NEW YORK — Gap Inc. chairman and chief executive officer Glenn Murphy uttered many mea culpas during a speech Thursday at the Bank of America 2009 Consumer Conference. Among the company’s sins: not exciting consumers enough to lure them into stores, being overly confident in the brick-and-mortar channel and not wielding Gap’s considerable buying power to negotiate better prices from manufacturers.

This story first appeared in the March 12, 2009 issue of WWD. Subscribe Today.

“We have not played the hand we’ve been given as well as we should have,” Murphy said. “We’re fixing the North American business. The market leader should never lose market share. We’ve been losing market share for the last couple of years. It’s unacceptable.”

Sales at Gap Inc. decreased 8 percent in 2008 and comp-store sales dropped 12 percent compared with a 4 percent slide the prior year. In the fourth quarter, Gap Inc.’s comp-store sales declined 14 percent, compared with a decrease of 3 percent in the fourth quarter of last year.

“Part of that is the macroeconomic environment,” Murphy said. “A large part of that is us. We have to stop the erosion of market share.”

Apparel at Gap has been criticized as being alternately too fashion-oriented or too basic. “We’ve returned to classics,” Murphy said, “categories we feel are very sought after. Denim is a key driver of the overall brand. In late summer, we’ll come back with a very serious proactive marketing push for denim. As the basic-classic business becomes stronger, we’ll look at more fashion elements.”

Banana Republic’s clothes “got too serious,” Murphy said. “They lost that cool factor, that edgy factor. That’s easily correctable. I’m disappointed it happened. The brand is still a significant and important part of our portfolio.”

Old Navy hasn’t lived up to its promise either, according to Murphy. “These are times when Old Navy should be gaining market share,” he said. “The fact that it was not in tip-top shape in 2008 is a huge disappointment to me and the organization.” Nonetheless, a new advertising campaign for Old Navy launched this month and includes TV commercials, print circulars and online ads.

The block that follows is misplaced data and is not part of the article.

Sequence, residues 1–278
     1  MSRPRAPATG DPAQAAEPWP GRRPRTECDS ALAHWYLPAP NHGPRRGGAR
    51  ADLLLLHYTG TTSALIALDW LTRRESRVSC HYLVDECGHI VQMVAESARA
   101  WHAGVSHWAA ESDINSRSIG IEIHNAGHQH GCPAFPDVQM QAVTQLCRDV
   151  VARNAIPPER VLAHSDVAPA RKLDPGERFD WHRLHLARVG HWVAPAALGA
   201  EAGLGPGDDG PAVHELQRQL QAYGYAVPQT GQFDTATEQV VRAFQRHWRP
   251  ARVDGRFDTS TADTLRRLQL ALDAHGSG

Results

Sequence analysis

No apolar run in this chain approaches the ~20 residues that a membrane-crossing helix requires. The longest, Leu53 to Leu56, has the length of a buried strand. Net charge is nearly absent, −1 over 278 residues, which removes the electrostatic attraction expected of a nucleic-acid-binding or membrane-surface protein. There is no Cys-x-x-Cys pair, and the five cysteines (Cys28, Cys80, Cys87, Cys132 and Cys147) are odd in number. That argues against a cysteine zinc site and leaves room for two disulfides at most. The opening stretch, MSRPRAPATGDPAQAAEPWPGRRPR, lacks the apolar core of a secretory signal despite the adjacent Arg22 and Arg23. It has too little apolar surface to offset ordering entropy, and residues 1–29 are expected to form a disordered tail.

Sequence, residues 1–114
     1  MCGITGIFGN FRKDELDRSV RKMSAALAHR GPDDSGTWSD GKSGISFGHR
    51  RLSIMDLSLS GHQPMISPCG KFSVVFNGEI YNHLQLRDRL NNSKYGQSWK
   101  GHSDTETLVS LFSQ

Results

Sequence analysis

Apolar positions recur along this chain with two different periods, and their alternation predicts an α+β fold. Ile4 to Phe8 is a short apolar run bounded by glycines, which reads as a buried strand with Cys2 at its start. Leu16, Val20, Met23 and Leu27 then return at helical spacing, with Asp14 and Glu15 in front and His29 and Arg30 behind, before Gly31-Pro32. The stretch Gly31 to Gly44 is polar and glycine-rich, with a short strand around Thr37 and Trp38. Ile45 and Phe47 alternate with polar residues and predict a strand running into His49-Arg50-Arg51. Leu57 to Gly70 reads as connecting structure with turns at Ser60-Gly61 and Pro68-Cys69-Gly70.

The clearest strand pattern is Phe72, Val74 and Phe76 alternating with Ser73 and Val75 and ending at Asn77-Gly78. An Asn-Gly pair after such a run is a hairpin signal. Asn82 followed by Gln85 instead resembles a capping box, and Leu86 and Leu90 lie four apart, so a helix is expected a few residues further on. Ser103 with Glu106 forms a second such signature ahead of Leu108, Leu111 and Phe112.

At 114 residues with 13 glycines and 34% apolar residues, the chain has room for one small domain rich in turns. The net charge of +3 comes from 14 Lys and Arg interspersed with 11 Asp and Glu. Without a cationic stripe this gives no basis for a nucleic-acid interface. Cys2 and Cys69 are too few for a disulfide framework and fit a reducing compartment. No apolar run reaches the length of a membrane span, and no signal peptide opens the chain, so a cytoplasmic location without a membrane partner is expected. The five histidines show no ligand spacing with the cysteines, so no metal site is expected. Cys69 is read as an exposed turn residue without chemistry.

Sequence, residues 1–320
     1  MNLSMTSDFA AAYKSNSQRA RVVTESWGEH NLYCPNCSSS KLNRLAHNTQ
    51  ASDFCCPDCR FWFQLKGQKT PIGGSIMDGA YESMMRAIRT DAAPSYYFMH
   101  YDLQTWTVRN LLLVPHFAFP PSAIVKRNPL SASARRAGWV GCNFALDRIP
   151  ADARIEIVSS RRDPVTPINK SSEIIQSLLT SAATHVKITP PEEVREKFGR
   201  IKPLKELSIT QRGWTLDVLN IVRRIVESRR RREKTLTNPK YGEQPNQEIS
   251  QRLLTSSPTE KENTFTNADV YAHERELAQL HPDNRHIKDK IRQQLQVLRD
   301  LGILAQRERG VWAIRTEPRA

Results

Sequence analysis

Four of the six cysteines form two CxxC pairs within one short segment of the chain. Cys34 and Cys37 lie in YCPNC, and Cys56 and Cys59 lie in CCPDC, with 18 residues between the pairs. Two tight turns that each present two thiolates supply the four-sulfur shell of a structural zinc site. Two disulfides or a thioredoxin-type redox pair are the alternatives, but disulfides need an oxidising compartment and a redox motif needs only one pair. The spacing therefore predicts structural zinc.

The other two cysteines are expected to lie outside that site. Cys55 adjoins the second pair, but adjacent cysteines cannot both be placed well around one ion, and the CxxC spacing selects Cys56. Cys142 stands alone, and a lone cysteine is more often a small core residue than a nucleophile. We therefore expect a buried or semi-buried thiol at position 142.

Because of the company’s long-running problems, Gap Inc. has put off updating its fleet of stores. That’s no longer possible. “We don’t have a store that customers walk into and go, ‘wow,’” he said. “When Old Navy was designed in 1994, it was revolutionary, for sure, and different. The fact is that we redid the store in 2008 and it’s almost identical to the one launched in 1994. Shame on us.”

Old Navy is already testing two prototypes. Gap will unveil new store designs in the third quarter and Banana Republic’s first test stores and a new outlet store design will launch in the summer. “The Achilles’ heel of our organization has been traffic,” Murphy said. “For the last five years, we haven’t been able to get people to come in the door. We have to go and get the traffic. We have to speak to people. There will be a shift in our marketing. We have to become more proactive.”

The online and international businesses both grew by $500 million last year. E-commerce has a universality platform with all four brands. Athleta, the women’s activewear brand Gap bought six months ago, will become the fifth brand. “The women’s athletic market is worth $30 billion,” Murphy said, noting that 72 percent of Gap’s customers are women. “We have to drive more eyeballs to Athleta and then consider other opportunities. There could be a sixth brand in our future.”

With 125 stores, Gap’s international business is underdeveloped. About 60 franchised Gap stores will bow this year and Banana Republic could go to Japan and the United Kingdom.

The outlet division’s 300 stores have the highest sales per square foot in the company and give the highest return on investment. “There is a huge opportunity to take that business global,” Murphy said.

Gap Inc. decreased its capital expenditure by 37 percent, or $250 million, in 2008. “Balance sheets are increasingly important,” Murphy said. “We generated almost $1 billion in free cash flow in 2008. We returned about $1 billion to shareholders. We have no debt and are sitting on $1.8 billion of cash.”

Murphy wants to negotiate lower rents with landlords of Gap Inc.’s 2,800 North American stores. In addition, stores will be closed and downsized. “We have 40 million square feet [of retail space],” he said. “Getting concessions and reductions in rent as [leases] come up for renewal” makes sense.